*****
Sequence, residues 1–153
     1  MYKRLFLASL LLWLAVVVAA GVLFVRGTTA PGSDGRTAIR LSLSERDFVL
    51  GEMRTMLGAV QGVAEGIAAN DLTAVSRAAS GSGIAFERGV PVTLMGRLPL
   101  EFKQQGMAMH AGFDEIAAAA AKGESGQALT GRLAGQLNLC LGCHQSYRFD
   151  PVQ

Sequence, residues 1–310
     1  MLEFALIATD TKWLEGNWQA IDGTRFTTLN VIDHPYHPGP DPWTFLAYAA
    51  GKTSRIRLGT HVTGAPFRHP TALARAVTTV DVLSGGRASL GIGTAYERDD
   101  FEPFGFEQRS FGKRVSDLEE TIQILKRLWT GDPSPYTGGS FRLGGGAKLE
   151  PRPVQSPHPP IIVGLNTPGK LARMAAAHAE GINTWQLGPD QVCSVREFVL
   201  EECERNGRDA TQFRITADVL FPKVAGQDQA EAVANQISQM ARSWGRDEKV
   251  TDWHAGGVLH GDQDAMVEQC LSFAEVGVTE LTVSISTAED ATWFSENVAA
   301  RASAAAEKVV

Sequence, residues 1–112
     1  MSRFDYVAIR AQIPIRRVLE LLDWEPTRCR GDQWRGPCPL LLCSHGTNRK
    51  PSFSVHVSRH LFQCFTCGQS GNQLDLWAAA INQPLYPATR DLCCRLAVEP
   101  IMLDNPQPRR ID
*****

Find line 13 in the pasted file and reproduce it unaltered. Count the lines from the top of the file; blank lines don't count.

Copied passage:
   301  RASAAAEKVV